Minutes - TRIPS Council - View details of the intervention/statement

H.E. Ambassador Lundeg Purevsuren
European Union

470.   The European Union is happy to contribute once more to the important debates that have been taking place in the TRIPS Council on different aspects of "IPR and Innovation". 471.   The IP is most of the time generated from collaborative research. The results of research and innovation are, more often than not, protected by IP in order to reimburse costs related to the research and development carried out. 472.   Of course, the right-holders are then responsible for the level of licensing they grant to third parties and the future sharing of benefits if an innovation becomes a product sold on the commercial market. 473.   The IP portfolio is beneficial to all parties and thus also a good development tool for developing countries. 474.   In general, collaborative research agreements are governed by four principles:  The parties will mutually notify each other the IP generated and will undertake to protect the IP within a period of time;  The parties will exploit effectively the IP generated;  The parties will not exercise any discriminatory treatment; and  The parties will protect confidential information. 475.   The EU has supported partnerships among Universities all over the world for many years. 476.   During the ongoing research and innovation (R&I) Framework Programme, Horizon 2020, the Commission has been promoting public-private collaboration for IP commercialization and academic entrepreneurship through a dual-pronged approach by fostering seamless approach from Open Science to Open Innovation. 477.   In fact, for the multiannual financial framework of the EU budget (2021-2027), we have proposed an ambitious €100 billion research and innovation programme, Horizon Europe, that will boost the scientific, economic and societal impact of EU funding and ultimately increase the prosperity and well-being of Europeans. 478.   Innovation is a key driver for the EU to continue delivering prosperity to its citizens and meeting challenges of the future. Implementing it requires a systemic, cross-cutting and multifaceted approach. The quest for acceleration of new ideas, products and processes is driving Horizon Europe objectives and implementing modalities. 479.   Horizon Europe builds on lessons learned and on experience gained under the previous framework programme. It follows a three-pillar approach addressing fundamental science, global challenges and innovation. One of the pillars of the programme is called Innovative Europe that will help the EU become the frontrunner in market-creating innovation. This pillar provides for the launch of the European Innovation Council (EIC) that will mainly promote breakthrough and disruptive technologies and innovation by serving as a one-stop shop for innovation to help small companies to innovate and scale up. 480.   Through Horizon Europe the Commission will support Universities to develop i.a. entrepreneurship, in particular by fostering the integration of universities in innovation ecosystems, and enabling the entrepreneurial aspirations of researchers at all career stages with adequate knowledge, skills, and resources, including IPR skills training and support for knowledge transfer capacity. 481.   Horizon Europe also urge beneficiaries to use their best efforts to exploit their results, particularly in the European Union. The exploitation of results can also take place through the transfer and licensing or results, encouraging public-private uptake and valorisation of IP for wider societal benefits and economic value. 482.   In addition, to further foster the academia-industry cooperation, the European Commission is considering the revision of the 2008 EC Recommendation on the management of intellectual property in knowledge transfer activities.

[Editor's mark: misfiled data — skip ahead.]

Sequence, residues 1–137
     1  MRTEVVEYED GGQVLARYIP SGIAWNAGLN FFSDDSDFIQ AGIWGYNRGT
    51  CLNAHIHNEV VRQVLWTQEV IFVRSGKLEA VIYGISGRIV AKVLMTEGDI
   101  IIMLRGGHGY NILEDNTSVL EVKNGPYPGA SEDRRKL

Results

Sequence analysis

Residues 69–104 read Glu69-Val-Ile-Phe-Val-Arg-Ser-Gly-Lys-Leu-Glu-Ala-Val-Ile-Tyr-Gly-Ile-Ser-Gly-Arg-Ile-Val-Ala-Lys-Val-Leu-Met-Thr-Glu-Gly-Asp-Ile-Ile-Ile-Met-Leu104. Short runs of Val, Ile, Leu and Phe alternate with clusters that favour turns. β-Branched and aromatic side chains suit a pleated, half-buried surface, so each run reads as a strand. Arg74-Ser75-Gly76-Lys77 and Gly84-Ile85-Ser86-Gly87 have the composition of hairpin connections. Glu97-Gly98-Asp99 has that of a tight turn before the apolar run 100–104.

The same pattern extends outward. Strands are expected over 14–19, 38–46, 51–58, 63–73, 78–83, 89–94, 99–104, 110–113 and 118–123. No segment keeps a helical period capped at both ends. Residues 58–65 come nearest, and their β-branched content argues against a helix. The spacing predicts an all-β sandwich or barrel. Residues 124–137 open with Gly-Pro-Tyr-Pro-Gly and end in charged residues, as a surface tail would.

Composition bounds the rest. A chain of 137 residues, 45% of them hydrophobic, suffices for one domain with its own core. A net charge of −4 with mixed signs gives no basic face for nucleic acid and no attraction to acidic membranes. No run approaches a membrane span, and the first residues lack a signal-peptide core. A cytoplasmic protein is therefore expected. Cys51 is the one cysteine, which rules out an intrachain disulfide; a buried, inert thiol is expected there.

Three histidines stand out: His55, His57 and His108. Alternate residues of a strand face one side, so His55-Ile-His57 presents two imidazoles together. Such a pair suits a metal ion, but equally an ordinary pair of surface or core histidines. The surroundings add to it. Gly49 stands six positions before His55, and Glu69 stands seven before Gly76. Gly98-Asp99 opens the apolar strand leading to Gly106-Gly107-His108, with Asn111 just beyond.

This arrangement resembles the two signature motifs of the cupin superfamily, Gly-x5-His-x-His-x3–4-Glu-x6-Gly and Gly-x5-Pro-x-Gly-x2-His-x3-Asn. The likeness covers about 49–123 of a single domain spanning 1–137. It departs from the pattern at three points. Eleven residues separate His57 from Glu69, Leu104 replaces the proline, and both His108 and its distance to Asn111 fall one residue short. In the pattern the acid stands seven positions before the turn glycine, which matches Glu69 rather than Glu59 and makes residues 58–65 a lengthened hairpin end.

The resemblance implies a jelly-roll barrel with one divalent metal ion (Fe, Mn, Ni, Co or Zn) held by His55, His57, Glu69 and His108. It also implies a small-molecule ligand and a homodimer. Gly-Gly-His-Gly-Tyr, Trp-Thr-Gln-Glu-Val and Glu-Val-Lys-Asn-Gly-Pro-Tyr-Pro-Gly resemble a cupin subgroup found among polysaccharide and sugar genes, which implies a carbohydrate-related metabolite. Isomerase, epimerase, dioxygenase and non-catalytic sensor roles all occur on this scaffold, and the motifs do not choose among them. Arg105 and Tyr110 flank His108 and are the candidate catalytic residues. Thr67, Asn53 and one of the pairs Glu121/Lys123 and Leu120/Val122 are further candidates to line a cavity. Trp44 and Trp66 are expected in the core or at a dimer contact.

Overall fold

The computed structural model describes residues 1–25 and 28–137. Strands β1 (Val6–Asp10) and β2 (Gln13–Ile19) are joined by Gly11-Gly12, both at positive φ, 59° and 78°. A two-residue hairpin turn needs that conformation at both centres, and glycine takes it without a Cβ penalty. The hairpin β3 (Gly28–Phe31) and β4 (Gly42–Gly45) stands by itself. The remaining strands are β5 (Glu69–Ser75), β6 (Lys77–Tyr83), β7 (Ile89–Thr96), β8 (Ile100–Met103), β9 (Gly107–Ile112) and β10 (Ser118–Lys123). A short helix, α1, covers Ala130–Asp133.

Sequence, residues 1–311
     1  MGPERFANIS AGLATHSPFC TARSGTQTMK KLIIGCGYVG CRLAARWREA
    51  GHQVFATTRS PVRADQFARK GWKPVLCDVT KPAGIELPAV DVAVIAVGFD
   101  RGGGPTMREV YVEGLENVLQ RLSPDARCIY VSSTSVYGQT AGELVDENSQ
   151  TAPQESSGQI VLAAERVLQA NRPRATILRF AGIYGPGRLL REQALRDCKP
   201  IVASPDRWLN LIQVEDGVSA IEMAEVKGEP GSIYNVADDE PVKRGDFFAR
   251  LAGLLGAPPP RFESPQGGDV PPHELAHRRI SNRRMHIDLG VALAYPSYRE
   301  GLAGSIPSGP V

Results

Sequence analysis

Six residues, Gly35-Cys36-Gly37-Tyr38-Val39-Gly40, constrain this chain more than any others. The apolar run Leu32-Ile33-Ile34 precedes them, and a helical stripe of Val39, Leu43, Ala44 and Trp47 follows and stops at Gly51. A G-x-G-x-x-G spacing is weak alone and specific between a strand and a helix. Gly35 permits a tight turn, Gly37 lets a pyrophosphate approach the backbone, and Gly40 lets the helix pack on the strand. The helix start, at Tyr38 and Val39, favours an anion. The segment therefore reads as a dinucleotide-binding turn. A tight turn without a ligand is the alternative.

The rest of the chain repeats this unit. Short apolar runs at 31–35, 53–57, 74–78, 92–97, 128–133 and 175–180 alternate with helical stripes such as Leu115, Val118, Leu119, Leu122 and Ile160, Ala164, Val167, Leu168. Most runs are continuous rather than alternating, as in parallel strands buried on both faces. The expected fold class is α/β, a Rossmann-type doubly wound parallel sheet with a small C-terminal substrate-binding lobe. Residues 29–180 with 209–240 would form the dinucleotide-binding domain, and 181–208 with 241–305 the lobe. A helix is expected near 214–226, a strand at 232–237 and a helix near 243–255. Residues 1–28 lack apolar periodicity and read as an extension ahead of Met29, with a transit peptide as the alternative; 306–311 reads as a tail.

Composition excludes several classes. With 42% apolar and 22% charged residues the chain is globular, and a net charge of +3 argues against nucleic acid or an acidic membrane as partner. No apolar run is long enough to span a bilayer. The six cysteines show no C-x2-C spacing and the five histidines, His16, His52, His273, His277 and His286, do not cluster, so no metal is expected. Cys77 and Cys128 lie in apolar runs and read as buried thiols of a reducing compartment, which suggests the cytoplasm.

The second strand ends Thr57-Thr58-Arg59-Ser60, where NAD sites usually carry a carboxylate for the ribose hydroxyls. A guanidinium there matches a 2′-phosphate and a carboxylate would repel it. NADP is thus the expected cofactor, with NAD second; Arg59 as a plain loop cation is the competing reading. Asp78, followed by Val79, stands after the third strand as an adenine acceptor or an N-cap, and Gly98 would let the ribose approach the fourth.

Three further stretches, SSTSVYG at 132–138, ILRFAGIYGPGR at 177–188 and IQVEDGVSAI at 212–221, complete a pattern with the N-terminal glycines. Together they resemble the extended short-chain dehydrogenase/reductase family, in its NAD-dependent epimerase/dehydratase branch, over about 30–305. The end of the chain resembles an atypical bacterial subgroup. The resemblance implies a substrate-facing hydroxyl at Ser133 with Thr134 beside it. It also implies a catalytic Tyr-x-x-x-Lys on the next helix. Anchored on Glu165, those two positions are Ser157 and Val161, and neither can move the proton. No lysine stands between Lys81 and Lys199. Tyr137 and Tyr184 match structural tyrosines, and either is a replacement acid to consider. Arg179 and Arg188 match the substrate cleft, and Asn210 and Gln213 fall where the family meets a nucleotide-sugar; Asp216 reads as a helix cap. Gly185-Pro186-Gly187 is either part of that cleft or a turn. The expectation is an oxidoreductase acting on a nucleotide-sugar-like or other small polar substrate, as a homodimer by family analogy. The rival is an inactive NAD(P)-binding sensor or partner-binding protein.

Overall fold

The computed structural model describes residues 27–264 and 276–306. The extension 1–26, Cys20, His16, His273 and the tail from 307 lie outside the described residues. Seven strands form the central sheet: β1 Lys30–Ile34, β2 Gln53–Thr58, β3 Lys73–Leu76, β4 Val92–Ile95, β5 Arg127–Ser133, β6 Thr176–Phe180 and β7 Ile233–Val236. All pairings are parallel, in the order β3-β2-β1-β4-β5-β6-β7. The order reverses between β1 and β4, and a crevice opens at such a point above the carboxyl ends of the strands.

The Council took note of the statements made under this item.
65.   The Chair said that the item had been put on the agenda at the request of Australia; Canada; Chile; the European Union; Hong Kong, China; Japan; Singapore; Switzerland; the Separate Customs Territory of Taiwan, Penghu, Kinmen and Matsu; and the United States of America. Since the circulation of the revised draft agenda, this item had also been co-sponsored by Korea. These delegations had also submitted a communication on this topic, circulated in document IP/C/W/657 and Add.1, in order to allow Members to prepare for the present discussion. He invited the co-sponsors to introduce the item.
66.   The representatives of Switzerland; the United States of America; Chinese Taipei; the European Union; Japan; Australia; Hong Kong, China; Singapore; Canada; Korea; China; Brazil; Costa Rica; Norway; South Africa; and Ukraine took the floor.
67.   The Council took note of the statements made under this item.
IP/C/M/93, IP/C/M/93/Add.1